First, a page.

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The Waitlist

Half of Maine’s public school buildings have exceeded their life expectancy or have documented structural problems that require major renovation. But retiring and rebuilding a school can take a decade or longer.

by | December 19, 2019

Principal Peter Harrison talks to a group of second grade students at the Young School in Saco before an assembly on Dec. 16. The school's multipurpose room serves three roles as the gym, cafeteria and gathering place for assemblies. The Young School moved into the temporary structure in 2004, on what was supposed to be a short stay, after its previous building was condemned and demolished due to undetermined environmental hazards. Photo by Samantha Hogan.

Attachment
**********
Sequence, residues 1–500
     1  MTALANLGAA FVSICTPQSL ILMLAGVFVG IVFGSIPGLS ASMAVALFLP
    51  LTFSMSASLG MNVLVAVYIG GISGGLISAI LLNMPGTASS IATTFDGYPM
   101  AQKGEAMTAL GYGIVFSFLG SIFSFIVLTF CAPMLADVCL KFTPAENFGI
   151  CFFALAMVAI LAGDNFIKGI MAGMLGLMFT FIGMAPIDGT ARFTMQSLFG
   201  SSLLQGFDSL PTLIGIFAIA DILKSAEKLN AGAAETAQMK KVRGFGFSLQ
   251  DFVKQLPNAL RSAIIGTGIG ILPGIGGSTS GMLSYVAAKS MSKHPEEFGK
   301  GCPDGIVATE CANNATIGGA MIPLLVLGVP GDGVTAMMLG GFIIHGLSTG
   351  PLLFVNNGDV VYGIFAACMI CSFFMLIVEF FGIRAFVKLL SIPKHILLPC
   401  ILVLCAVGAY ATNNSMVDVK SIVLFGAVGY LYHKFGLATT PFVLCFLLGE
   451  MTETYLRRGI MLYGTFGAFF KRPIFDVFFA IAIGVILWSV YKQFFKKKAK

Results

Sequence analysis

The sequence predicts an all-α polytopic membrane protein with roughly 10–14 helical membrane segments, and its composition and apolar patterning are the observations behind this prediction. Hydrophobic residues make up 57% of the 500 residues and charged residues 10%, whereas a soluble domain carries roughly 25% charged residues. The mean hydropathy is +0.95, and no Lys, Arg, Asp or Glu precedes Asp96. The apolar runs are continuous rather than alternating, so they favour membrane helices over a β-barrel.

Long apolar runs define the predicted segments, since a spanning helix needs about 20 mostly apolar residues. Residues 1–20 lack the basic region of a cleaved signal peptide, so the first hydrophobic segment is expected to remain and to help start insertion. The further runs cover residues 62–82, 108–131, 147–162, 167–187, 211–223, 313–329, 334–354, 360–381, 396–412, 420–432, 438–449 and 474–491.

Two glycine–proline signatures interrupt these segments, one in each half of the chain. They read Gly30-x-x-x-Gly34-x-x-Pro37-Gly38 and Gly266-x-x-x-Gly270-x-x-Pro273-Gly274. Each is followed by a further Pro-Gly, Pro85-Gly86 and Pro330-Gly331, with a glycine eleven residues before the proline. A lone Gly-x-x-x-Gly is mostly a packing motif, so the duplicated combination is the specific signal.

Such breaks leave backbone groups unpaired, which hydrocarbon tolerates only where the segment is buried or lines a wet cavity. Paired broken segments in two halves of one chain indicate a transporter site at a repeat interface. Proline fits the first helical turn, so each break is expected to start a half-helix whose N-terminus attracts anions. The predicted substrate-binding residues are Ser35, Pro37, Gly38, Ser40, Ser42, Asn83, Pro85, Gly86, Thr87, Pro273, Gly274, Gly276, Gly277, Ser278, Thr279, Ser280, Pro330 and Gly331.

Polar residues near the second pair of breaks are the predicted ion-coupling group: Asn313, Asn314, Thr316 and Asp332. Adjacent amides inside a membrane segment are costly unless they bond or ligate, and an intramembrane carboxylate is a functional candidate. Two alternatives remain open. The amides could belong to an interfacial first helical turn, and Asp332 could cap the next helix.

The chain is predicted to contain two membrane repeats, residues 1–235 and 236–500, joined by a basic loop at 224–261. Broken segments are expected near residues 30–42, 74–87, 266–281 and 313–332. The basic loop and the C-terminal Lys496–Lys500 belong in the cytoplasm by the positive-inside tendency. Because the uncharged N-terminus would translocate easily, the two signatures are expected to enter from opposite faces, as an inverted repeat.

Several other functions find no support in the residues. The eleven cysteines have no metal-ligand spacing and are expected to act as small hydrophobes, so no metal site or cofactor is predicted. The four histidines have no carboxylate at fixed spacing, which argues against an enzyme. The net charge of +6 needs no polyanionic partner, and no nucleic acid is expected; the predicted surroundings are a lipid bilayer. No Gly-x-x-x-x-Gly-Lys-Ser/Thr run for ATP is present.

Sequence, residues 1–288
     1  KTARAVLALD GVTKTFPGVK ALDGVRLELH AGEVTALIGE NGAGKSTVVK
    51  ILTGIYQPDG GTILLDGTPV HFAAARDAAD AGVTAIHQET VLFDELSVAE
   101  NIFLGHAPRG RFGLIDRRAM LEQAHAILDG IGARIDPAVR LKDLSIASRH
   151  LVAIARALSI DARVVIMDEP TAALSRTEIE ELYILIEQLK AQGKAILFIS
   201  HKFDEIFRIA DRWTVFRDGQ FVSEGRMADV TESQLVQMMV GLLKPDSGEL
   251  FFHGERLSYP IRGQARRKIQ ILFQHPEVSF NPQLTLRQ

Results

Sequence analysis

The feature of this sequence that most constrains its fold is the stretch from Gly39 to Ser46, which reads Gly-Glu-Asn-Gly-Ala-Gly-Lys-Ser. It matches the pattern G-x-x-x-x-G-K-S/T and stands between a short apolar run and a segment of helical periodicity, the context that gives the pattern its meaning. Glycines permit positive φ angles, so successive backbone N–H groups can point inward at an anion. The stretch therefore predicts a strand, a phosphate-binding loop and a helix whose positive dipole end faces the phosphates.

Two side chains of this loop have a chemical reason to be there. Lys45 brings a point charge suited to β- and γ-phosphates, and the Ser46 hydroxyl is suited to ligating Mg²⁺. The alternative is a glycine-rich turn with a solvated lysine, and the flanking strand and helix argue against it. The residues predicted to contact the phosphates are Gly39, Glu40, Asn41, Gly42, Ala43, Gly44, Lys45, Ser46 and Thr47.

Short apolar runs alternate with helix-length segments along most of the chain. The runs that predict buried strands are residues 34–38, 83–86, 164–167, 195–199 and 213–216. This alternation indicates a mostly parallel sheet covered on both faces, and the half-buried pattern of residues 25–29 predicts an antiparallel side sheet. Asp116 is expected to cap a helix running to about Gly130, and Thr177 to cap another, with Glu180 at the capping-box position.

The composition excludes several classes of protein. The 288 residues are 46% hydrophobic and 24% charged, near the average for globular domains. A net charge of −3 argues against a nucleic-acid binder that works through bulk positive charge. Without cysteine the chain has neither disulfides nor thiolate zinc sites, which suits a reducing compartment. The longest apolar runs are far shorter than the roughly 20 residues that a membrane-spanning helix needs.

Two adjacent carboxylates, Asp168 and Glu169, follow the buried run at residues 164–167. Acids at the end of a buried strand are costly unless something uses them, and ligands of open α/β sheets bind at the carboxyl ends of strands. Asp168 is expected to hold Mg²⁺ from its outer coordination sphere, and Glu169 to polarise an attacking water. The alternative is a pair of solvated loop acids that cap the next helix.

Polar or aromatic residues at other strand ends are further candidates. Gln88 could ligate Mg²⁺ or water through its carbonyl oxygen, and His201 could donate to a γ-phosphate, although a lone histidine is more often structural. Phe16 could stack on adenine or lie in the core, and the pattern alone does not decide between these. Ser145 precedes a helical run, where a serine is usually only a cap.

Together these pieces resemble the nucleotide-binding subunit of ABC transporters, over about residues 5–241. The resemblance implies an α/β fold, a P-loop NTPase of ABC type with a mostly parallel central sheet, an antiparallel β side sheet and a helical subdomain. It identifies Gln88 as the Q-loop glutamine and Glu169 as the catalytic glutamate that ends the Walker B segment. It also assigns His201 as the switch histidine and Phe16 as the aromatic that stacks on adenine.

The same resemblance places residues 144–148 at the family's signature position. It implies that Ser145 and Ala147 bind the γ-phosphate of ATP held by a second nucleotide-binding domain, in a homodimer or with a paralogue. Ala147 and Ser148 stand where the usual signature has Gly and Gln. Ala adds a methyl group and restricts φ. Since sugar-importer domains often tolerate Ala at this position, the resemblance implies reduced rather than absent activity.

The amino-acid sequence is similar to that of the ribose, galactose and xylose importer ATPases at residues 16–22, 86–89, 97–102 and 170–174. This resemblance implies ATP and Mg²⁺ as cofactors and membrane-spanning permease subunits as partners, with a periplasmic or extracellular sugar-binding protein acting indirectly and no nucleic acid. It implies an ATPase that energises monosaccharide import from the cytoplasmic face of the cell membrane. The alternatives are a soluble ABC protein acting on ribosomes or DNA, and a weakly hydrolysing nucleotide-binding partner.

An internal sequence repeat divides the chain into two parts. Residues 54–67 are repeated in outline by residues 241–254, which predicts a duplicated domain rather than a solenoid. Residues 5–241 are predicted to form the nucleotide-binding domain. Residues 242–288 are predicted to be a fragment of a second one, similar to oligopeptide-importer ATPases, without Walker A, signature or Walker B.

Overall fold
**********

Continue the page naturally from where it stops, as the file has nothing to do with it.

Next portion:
Samantha Hogan

Samantha Hogan

Samantha Hogan, The Maine Monitor’s first full-time reporter, focuses on a range of government accountability projects. A 2019-2020 corps member for Report for America, she is spending this year reporting exclusively on Maine's court system through ProPublica's Local Reporting Network. Samantha previously worked for The Frederick (Md.) News-Post, covering state politics, agriculture, the environment and energy, and interned twice for The Washington Post. She lives with her cat Ida – named for the mother of investigative journalism, Ida Tarbell.

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